Well I know one thing. They say if you don't pay attention to history, you're bound to repeat it. That's what they say. History is important and one way history is recorded is through the arts. We wouldn't know about some disasters, some wars, some tragedies if some artists didn't record it on stone, paper or in metal. The written word is a new thing, but there have always been artists, as long as there have been humans. This event will be best remembered by how artists react to it. People have short memories - art makes you remember. Artists will tell the stories of what happened that day, how people acted when the "call" came, and how we all reacted to it. Some of that art will be shocking, some of it will be inspiring, some of it will be patriotic, and some we won't know what it is - that's art.

Some of the first art on the scene were the political cartoons in newspapers - some of the strongest art done on a daily basis.

What artists do is important to some, reporting about those activities is important to some, and going on with our lives is important to many. So, we go on. Where we will go is hard to tell, but we won't just give up - it's not in our nature - unfortunately for some, our nature as Americans can be violent at times.

Before this goes on too far - I'm proud to be an American, I'm proud of how some Americans stood up, I'm proud to be involved in the arts and I'm sure we will continue this dream we all call America.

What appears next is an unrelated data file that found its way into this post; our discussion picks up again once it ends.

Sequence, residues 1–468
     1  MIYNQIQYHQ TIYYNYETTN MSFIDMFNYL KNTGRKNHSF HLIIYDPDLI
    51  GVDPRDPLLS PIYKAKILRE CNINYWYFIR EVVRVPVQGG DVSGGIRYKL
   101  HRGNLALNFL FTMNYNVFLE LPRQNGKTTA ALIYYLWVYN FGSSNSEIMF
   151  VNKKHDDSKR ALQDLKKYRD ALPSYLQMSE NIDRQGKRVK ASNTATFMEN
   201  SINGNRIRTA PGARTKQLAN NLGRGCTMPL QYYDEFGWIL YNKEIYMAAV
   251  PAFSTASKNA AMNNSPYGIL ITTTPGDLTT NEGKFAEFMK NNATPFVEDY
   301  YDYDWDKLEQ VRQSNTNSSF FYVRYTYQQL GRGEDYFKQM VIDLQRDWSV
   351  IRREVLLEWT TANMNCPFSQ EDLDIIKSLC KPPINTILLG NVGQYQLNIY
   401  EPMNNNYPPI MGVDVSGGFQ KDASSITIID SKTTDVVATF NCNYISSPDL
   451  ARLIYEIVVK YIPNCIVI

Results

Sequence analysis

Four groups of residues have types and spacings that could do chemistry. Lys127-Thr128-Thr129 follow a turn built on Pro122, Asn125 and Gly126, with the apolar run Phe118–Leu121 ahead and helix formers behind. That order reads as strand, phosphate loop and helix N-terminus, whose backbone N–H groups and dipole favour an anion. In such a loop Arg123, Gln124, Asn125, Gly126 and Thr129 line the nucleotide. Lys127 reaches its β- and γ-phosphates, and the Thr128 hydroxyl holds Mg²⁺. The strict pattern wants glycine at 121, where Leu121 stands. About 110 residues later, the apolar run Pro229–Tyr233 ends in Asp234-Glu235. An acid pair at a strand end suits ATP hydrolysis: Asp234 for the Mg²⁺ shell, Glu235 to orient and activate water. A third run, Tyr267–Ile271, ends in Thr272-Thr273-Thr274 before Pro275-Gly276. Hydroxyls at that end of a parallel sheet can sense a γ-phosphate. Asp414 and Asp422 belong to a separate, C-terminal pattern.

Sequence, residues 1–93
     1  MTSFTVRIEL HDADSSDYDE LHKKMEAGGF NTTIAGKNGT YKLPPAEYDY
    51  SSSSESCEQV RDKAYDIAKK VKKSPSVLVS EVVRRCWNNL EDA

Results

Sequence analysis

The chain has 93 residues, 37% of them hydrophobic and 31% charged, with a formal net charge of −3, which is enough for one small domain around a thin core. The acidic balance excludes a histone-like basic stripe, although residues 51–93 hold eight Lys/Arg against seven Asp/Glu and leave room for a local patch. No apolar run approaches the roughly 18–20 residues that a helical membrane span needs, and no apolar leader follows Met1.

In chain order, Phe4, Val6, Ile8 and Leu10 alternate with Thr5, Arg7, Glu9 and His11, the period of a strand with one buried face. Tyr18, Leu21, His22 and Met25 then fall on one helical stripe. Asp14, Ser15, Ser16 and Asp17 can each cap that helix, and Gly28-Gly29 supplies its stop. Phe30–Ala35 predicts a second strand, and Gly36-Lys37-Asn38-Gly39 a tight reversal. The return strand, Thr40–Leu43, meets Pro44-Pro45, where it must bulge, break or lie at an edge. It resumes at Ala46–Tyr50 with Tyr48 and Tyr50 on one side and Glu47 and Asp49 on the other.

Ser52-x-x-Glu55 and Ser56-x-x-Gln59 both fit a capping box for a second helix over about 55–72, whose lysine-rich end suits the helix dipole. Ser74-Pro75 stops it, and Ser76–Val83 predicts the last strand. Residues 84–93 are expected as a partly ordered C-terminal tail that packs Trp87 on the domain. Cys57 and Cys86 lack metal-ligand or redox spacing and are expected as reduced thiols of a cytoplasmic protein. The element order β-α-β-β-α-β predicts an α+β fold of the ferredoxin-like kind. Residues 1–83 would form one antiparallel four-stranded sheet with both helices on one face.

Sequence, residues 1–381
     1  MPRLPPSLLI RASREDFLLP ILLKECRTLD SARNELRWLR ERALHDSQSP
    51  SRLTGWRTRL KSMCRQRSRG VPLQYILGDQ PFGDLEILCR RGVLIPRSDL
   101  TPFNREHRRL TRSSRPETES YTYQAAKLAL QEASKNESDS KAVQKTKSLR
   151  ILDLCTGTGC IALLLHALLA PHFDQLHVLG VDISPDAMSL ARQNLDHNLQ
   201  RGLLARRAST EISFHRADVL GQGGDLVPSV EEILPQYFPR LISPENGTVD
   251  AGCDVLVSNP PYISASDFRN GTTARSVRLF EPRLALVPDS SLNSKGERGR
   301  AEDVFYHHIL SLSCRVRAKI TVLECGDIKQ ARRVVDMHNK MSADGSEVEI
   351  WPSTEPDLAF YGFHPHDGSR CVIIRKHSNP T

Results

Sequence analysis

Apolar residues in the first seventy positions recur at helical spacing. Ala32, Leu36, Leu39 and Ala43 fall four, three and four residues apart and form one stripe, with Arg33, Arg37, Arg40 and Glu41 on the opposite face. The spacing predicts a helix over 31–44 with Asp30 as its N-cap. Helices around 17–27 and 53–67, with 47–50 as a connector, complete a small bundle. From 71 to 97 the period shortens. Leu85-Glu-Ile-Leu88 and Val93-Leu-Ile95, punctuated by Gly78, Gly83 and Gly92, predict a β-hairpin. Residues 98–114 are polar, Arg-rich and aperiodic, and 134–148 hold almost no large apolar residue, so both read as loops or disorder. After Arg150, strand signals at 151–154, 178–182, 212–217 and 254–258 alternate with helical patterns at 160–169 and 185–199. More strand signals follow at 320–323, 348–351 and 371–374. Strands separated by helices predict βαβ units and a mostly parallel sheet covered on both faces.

Getting Back To Normal

I can't think of any better way to get back to normal - for us, than attending an art walk. They take place in some cities every month. Some places it's a once a year thing, but in Charleston, it just happens a few times, and this coming Fall is the big season. The French Quarter Gallery Association will hold its ART WALKs on Oct. 5 and Dec. 7 (the original Day of Infamy). If you're looking for a few hours to forget the "real" world - I highly recommend it.

In-between those two events will be the 3rd Charleston Fine Art Annual (Nov. 2-4), where another organization of Charleston galleries offers an entire weekend of activities - gallery tours, special receptions, a guest lecture, and one of my favorite events - the plein air demonstrations. This is the opportunity to watch some of Charleston's finest artists do their thing - "au natural". I really enjoyed last year's event as I know many others did. Of course, you have to get up early on a Saturday morning!

Art walks are great events to attend. Galleries hold them in hopes that you'll have such a good time and see something you can't live without that you'll return to make a purchase - and they are going to need those purchases now, more than ever.

The economy is on shaky legs right now, but people will still buy art - even in hard times. I'm confident that's one thing that is not going to change. In time, people will return to art for all those reasons they showed up in the first place - beauty, inspiration, history, emotion - you name it. The arts offer the distractions we all need. And, I have a feeling in the days, months and years to come - we are going to need some distractions. We're going to need to escape because sometimes the "real" world is just too hard to take.

I hope we start to see some reaction to recent events by artists soon. I hope we see a better world in the future. I hope that if change comes, it's for the good. I hope we don't blow it this time. I hope my 14 year old doesn't have to experience the "real" world too soon. I hope we know peace, real peace in our lifetimes.